Using RC Transmitter & Receiver SBUS with Teensy

Remote control of hardware can be tackled with over a dozen different methods. XBEE serial radios are a popular option but require custom built hardware, complete custom code and have a mediocre range. WiFi & Bluetooth are also popular but for something that requires a level of ruggedness on signals and fail-safe behavior they would not suit the development needs of the robot.

Instead I want to use a standard RC model controller. They have great range, rugged signals, ergonomic controllers and are almost completely ready to go off the shelf. Historically RC receivers output a PWM signal, interpreting this over multiple channels is tedious and ties up significant timer resources on the micro controller. Thankfully Futaba developed and released the SBUS protocol some time around 2010, this is a serial stream that contains an 11 bit value for every channel the receiver and transmitter can handle (16 in my case). This provides a fast accurate digital signal that will allow me to adjust 16 channels with a high degree of precision.

My transmitter is the FrSky Tarranis (it even talks to you…) with the bundled X8R receiver. Decoding these signals is a teensy 3.2.

Taranis FrSky Transmitter

SBUS is not without its quirks, it is a 100k Baud  with 8 bit, even parity and two stop bits signal. I cannot understand their reasoning for this very atypical baud rate, the parity & stop bits may be to protect against long daisy chained loops in noisy environments, electric motors, drive controllers and other model plane paraphernalia. The final quirk is the inverted serial signal. This is the one hardware modification required for the Teensy, potentially using the newSoftSerial library could be a work around here but I had an inverter IC handy. Passing the SBUS signal through this cleans it up fine.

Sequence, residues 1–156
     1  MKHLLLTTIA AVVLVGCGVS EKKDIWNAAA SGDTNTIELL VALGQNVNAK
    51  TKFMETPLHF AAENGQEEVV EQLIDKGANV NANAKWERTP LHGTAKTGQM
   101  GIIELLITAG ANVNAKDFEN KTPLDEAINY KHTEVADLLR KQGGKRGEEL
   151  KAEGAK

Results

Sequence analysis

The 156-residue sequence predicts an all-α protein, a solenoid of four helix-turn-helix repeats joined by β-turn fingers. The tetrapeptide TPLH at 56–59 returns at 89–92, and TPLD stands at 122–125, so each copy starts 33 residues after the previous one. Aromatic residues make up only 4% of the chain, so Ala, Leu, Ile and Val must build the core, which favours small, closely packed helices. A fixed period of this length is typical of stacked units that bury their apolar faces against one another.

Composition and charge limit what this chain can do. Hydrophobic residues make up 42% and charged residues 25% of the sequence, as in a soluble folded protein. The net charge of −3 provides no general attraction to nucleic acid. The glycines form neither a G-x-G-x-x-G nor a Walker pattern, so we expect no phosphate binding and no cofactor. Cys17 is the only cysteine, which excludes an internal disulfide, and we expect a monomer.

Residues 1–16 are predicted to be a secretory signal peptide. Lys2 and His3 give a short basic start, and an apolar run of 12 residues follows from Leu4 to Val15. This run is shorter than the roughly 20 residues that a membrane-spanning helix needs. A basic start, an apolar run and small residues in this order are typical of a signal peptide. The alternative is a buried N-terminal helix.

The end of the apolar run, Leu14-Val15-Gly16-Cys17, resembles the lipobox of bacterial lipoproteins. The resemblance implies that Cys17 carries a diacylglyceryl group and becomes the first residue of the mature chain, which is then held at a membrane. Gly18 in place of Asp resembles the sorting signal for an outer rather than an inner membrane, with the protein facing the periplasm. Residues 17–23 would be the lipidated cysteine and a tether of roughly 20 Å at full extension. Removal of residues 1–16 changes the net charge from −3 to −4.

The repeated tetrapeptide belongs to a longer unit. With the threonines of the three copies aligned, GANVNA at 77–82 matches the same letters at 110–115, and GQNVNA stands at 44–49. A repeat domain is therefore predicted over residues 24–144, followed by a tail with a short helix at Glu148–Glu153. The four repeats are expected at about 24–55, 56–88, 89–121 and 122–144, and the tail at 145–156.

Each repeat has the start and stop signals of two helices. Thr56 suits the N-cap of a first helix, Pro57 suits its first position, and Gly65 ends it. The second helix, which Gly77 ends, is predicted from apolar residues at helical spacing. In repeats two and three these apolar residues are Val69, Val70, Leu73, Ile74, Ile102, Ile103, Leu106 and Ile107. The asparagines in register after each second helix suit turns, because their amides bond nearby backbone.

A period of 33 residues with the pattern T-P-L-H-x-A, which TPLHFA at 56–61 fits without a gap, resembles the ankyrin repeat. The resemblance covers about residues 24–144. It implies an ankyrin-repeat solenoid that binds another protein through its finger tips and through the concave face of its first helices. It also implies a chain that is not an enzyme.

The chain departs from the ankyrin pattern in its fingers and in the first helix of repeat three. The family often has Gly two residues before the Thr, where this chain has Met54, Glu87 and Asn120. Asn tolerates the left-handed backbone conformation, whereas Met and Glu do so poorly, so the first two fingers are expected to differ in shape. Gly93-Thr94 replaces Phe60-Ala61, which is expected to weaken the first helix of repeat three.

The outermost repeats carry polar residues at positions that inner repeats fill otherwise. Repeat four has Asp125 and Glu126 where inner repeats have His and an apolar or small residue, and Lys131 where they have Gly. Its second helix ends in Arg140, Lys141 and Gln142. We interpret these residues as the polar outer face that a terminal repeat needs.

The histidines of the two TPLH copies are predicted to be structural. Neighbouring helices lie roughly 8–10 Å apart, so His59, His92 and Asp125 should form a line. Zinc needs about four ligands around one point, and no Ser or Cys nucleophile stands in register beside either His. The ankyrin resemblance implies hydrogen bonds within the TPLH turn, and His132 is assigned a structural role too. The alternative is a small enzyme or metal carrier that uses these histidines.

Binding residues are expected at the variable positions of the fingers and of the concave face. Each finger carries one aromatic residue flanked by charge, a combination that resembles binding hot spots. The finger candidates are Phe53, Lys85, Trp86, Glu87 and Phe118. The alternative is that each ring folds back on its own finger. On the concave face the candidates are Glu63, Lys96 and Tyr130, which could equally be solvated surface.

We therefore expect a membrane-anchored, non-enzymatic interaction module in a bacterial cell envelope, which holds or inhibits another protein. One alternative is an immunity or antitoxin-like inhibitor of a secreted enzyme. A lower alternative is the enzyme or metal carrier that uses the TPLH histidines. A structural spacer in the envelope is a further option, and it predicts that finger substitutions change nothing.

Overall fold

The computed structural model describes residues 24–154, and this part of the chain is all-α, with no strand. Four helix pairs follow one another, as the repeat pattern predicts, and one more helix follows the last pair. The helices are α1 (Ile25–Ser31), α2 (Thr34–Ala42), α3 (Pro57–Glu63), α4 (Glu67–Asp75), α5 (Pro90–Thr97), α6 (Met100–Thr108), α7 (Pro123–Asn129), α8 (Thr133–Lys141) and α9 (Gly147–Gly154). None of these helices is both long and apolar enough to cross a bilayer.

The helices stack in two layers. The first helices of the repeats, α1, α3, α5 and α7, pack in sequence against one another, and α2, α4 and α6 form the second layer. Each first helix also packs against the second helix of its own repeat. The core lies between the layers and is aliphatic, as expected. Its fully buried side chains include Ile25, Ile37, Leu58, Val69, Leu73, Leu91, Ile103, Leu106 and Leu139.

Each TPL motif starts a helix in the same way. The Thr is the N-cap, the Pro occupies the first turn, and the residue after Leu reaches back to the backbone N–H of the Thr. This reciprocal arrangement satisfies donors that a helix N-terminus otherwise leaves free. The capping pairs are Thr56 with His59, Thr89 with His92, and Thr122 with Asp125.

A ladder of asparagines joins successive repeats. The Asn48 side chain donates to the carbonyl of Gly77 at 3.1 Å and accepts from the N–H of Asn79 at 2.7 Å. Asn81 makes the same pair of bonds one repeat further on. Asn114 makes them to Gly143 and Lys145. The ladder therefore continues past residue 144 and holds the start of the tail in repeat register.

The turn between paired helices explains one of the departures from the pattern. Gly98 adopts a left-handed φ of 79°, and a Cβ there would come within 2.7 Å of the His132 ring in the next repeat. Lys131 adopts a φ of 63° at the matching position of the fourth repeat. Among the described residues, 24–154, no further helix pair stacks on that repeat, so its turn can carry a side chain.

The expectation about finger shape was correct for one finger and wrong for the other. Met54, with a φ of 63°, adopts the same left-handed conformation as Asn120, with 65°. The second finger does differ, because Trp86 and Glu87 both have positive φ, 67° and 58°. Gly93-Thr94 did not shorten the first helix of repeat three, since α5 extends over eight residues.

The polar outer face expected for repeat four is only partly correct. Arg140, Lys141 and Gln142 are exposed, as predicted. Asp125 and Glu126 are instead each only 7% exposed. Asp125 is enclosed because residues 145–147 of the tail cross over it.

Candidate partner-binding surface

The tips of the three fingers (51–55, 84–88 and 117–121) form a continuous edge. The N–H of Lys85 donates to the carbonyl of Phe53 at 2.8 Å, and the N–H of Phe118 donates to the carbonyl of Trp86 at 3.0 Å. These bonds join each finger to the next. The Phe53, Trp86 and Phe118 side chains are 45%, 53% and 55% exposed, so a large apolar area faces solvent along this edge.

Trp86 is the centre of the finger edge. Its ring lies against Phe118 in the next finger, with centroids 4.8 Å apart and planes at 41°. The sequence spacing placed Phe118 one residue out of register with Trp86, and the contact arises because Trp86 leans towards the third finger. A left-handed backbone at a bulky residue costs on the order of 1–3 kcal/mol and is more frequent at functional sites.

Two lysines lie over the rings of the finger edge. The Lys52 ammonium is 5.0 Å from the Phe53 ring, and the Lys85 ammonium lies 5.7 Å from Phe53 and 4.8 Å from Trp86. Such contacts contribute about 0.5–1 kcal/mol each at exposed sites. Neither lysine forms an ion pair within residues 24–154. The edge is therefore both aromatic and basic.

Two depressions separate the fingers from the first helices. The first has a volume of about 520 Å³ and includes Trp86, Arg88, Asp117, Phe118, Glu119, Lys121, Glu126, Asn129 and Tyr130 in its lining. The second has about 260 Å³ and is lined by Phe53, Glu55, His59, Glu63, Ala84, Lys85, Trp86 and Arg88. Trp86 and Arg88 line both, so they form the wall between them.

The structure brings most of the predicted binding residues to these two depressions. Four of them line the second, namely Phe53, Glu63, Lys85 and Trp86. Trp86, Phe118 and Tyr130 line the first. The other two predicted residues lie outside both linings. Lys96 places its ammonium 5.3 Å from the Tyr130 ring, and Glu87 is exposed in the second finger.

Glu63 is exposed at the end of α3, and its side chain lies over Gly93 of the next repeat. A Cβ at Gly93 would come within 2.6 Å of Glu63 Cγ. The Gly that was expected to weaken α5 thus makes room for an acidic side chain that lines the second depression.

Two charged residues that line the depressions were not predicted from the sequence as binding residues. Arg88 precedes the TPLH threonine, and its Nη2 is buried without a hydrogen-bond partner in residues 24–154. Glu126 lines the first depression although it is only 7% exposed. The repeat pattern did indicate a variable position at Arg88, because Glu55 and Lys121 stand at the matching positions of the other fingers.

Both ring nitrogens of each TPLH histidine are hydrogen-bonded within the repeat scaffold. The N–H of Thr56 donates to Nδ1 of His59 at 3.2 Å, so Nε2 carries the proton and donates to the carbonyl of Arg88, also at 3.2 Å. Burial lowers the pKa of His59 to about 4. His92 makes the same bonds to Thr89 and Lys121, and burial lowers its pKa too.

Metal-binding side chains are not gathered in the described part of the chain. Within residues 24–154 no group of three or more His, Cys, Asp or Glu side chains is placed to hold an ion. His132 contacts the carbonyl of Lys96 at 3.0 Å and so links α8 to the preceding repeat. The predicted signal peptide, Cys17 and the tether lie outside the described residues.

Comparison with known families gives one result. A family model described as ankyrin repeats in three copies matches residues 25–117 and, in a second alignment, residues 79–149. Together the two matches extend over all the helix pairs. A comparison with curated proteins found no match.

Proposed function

There is even a great pre-written arduino library for decoding SBUS signals. https://github.com/zendes/SBUS thanks Zendes! However there is one small challenge the Teensy does not support SERIAL_8E2, however because the teensy is only receving the SBUS stream SERIAL_8E1 is sufficient which is achieved with a small modification to line 30 of SBUS.cpp.

With that configured you now have 16 channels for configuring and controlling a robot as well as a failsafe signal in the event of radio loss. The next step is to have the FRSky SPORT send telemetry signals back to the transmitter.

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